So when are you, as a human being, part of your place of work, and when are you not? In an amorphous job like creative advertising the definition of ‘working hours’ becomes one big grey area: you’re often asked to work outside your contractually stipulated 9-5:30, but many creatives often choose to do that because another hour or two might be the difference between a good ad and a great one, and therefore no award/an award, no raise/a raise, no promotion/promotion etc. But when does choice become obligation or expectation? What is it about certain jobs that mean their hours stretch like tedious elastic? How is it OK that a company gets 1.5 x You by making you work another four hours each day at no extra cost? Did we simply start working longer to advance out careers until it became the norm?

Ironically it’s many of the lowest paid creatives who are the ones flogging themselves to death for the benefit of a multi-million pound/dollar corporation. In an effort to seem amenable, hardworking, a team player and all that jazz, creatives immediately head down the path marked ‘your life is not your own’ and remain on it under the guise of the devoted artist, struggling to shape David or apply brush strokes to the Mona Lisa (or price ads for Curry’s and radio ads for 10% off green beans at Tesco). And when most people do this, the ones that don’t stand out, and not in a good way.

But if you look at it from 30,000 feet, it can be another instance of the subjugation of the worker to the corporation. Does Mercedes know or care if you missed your mum’s 50th birthday? Does Axa Insurance give a toss if you cancel a holiday to re-pitch for its business (obviously some clients would, by the way. I’m just talking about very large, faceless corporations)? If we go down to 15,000 feet, does WPP or Omnicom know or care about your increasing blood pressure or incipient drinking habit? At 5,000 feet, how much does your agency truly pay attention to your work-life balance? And by that I mean really care in a way that might cost them money, as opposed to paying lip service to the notion, or finally doing something when you work late yet again, drive tired and hit a lamppost.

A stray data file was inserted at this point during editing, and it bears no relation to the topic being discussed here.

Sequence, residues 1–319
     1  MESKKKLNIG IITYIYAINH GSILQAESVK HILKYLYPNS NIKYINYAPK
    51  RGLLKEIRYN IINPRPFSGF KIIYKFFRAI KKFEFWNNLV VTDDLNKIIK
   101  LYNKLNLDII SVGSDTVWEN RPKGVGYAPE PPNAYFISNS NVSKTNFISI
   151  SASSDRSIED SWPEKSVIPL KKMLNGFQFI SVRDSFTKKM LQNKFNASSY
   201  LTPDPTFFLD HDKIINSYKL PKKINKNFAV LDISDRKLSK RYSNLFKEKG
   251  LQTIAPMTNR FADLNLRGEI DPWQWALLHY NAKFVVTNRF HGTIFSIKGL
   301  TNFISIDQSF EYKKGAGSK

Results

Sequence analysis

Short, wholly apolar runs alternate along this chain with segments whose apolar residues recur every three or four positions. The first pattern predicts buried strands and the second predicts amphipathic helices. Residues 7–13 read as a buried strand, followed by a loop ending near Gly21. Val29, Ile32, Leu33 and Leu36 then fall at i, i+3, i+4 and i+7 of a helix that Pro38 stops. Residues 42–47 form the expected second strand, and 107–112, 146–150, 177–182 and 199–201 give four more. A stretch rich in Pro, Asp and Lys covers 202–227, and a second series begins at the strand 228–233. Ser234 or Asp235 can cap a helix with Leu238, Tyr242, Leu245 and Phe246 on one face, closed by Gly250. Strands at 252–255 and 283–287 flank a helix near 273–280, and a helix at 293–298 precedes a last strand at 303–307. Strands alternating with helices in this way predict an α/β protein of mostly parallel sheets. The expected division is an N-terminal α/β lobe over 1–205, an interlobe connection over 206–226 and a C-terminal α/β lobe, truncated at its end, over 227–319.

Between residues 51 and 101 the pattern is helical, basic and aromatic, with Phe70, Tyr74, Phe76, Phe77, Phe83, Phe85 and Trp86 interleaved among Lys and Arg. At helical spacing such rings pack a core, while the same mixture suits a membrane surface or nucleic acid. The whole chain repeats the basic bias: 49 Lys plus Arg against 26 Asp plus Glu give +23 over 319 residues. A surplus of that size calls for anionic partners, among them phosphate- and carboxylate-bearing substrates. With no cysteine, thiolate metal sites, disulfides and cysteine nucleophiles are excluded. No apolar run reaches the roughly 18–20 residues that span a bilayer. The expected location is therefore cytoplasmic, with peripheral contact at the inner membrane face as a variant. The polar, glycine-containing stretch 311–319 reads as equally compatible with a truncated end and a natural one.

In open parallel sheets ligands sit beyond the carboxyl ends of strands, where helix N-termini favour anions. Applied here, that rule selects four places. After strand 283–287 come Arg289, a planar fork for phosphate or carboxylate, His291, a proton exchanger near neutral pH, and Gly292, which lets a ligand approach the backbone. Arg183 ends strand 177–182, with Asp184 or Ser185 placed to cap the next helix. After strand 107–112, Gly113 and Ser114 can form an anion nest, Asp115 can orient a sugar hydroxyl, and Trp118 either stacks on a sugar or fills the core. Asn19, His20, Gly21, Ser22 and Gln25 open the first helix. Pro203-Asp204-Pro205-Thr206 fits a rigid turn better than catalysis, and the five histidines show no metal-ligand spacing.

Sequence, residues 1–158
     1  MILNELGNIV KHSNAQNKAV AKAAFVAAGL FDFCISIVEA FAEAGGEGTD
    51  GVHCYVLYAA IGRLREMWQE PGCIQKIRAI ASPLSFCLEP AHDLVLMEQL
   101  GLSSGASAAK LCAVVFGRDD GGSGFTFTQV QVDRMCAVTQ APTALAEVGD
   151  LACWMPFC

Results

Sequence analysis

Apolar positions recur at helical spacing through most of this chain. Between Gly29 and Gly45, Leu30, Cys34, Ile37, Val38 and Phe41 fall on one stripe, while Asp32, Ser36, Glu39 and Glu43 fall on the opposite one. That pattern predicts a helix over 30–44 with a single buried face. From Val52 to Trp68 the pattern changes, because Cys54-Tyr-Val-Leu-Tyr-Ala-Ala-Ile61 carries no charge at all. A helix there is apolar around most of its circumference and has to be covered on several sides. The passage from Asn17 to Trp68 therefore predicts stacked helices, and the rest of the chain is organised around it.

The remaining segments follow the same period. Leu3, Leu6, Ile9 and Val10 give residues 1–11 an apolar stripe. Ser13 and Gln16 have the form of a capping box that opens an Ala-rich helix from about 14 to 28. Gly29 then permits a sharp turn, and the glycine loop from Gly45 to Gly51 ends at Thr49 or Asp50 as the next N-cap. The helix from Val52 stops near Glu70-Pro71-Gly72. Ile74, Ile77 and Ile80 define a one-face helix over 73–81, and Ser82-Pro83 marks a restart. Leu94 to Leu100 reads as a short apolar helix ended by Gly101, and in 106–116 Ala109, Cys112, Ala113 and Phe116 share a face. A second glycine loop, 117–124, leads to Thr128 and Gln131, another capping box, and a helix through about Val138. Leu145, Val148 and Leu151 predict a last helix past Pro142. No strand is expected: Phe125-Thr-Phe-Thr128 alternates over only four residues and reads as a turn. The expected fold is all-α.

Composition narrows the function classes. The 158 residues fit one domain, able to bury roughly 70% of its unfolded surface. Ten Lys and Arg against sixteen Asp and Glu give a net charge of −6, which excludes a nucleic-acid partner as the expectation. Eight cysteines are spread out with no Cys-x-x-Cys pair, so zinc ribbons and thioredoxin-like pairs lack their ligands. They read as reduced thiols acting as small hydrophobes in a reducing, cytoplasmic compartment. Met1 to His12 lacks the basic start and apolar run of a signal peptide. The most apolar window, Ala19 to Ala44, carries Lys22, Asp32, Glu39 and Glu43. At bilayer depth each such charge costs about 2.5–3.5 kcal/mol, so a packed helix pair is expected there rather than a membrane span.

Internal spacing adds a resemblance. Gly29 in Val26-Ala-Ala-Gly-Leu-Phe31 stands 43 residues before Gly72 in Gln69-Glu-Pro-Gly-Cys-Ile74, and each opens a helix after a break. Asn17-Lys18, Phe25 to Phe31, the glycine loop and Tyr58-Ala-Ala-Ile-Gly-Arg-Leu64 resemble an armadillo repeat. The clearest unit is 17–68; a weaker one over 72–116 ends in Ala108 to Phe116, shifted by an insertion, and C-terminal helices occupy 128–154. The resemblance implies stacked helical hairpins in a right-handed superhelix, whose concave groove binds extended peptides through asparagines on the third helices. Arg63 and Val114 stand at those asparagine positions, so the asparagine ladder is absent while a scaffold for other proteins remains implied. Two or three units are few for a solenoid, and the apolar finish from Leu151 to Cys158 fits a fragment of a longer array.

As salaries fall, working hours increase, margins shrink and timelines shorten this is only heading in one direction.

Is that a problem? Well, when you compare it to the death of coal mining communities or the mass replacement of humans with robots in manufacturing, it’s small beer. But I don’t write a coal-mining or manufacturing blog, so I’m just pointing out the degree to which people in advertising willingly subsume themselves to wealthy, indifferent corporations. And it might feel fine on a day-to-day basis, but long-term, it might be taking the kind of toll that has deep, lasting consequences.

Do you want to know what the really funny thing is? It doesn’t have to be this way. There’s no law that says you shouldn’t earn overtime pay. There’s no law that says you should work past 5:30 or miss a holiday or wedding. There’s no law that says your out-of-work hours are not your own. And there’s no law that says your agency should bend its knee to its clients, providing ever more work at an ever cheaper price.

Many current agencies have got themselves into this death spiral, making it harder to escape it. But if you’re starting an agency, why not see if you can prioritise the humans who work for you over the money they generate? Why not ring fence working hours? Why not create partnerships with your clients instead of supplicant ‘them and us’ relationships of submissive dysfunction? Why not give employees the choice of working late, then pay them more for doing it?

There’s no law that forbids any of that.

And there’s definitely no law against giving it a try.